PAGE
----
What Minnesotans can expect from Democrat-led environmental policies.
On Election Day, Minnesota Democrats won the Governor’s mansion, the House of Representatives, and the State Senate, giving the DFL total control of the legislature for at least the next two years. This Democratic trifecta will almost certainly have important implications for energy policy, including regulations on the cars we are able to purchase in the future and the fuel we put in them.
California car mandates
Gov. Walz’s reelection means Minnesota will enact California’s regulations requiring auto manufacturers to deliver a certain number of Zero Emission Vehicles (ZEVs), which essentially means electric cars, to the state. Auto dealers would be required to stock approximately 14,000 vehicles in Minnesota once the rules go into full effect.
However, it is important to keep in mind that the regulation requiring electric vehicles to be stocked in Minnesota would only be in effect for one year because California has updated its ZEV mandates to ban the sale of new internal combustion engines in 2035.
Under the Clean Air Act, states must either follow federal environmental standards or California’s standards. There is no federal ZEV mandate, which means Minnesota would either need to adopt California’s ban on selling new gas and diesel-powered engines or allow the current electric vehicle mandates to expire after one model year.
Looking forward, it seems unlikely that liberals in the state legislature would pass a law requiring Minnesota to adopt California’s ban on selling new gas engines in the next two years because such a move would be out of step with what the electorate expects them to do. In the winter 2022 Thinking Minnesota Poll, nearly three-quarters of voters opposed following California’s ban, with 51 percent strongly opposing it. Our most current poll in this issue echoes that sentiment.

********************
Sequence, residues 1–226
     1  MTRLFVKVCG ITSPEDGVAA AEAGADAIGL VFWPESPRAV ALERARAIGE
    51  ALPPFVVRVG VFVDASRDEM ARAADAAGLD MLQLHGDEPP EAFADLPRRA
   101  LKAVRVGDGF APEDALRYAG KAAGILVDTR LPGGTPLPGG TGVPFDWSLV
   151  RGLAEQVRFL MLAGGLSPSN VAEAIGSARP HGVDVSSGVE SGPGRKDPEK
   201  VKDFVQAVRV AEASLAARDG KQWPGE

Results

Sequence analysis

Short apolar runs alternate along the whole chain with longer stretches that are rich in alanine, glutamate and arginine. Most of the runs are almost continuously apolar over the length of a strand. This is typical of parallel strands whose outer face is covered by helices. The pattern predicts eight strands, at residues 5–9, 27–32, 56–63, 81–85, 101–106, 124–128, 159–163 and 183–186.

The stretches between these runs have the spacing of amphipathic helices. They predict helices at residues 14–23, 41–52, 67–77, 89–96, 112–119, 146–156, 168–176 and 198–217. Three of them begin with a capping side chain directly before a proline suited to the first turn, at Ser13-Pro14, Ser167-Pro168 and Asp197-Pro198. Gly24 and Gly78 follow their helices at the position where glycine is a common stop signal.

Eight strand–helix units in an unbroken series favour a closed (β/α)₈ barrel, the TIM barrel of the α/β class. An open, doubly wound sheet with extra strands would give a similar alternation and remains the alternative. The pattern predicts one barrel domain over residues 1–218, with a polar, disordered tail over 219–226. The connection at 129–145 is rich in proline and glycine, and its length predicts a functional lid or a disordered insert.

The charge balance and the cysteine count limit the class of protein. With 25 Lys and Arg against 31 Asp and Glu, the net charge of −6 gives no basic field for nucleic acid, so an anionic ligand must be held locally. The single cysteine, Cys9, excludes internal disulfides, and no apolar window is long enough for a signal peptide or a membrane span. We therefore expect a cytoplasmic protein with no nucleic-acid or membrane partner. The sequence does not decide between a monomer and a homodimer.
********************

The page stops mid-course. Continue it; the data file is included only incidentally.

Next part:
However, the legislature will almost certainly pass legislation that opens the door for the Walz administration to adopt these rules in the future by clearly granting the Minnesota Pollution Control Agency (MPCA) the authority to adopt California’s gas engine ban through the administrative rulemaking process.
Time will tell if the Walz administration will decide to enact California’s ban on the sale of new gas- and diesel-powered engines, but unified Democratic control will almost certainly mean the Walz administration, or any future administration, will be able to impose these rules if and when they decide to do so.
Democrats will likely push to enact a California Fuel Standard (CFS) in Minnesota, which will increase gasoline prices. But before considering the consequences of this policy, it helps to take a step back to examine the major factors that affect gas prices. Overall, gas prices are driven by the global forces of crude oil supply and demand and refining capacity, which allows for crude oil to be manufactured into useful products like diesel fuel, gasoline, and jet fuel.
There is little that Minnesota can do to influence global supply because Minnesota is not an oil-producing state. However, Minnesota is a major corridor for crude oil imports from Canada, and more pipelines and refining capacity could help boost supplies and put downward pressure on prices.
What is the standard?
The California Fuel Standard regulations originated (you guessed it) in California, where the policy is called a Low Carbon Fuel Standard (LCFS). The CFS is a complicated cap-and-trade system created by the government aimed at lowering emissions of greenhouse gases (GHGs).
Under the regulations, the government sets a limit on the permissible amount of greenhouse gases that can be emitted by transportation fuels, which is called a Carbon Intensity (CI) score for fuels sold in the state, with the regulations becoming stricter every year.
As the regulations become stricter, the cost of complying with them increases. An analysis from Stillwater Associates determined that the LCFS increased California’s gas prices by 22 cents per gallon in 2020.
In our March 2022 report, “Gas Station Inflation,” American Experiment used the formula provided by the Oregon Department of Environmental Quality to estimate the impact enacting a CFS would have on Minnesota gas prices. We determined that gas prices could increase between 29 and 54 cents per gallon by 2035 as a result of the program.
The additional costs resulting from adopting the California Fuel Standard in Minnesota would increase yearly costs for Minnesota families and businesses by $210 to $568 per household. Rural households will likely experience higher costs because they tend to drive further than urban and suburban households.
It is uncertain whether this bill will pass into law. The DFL holds the State Senate by a slim, one-vote majority, and this is due to victories in a handful of seats in Greater Minnesota that will be crucial to retaining control of the legislature in the coming years.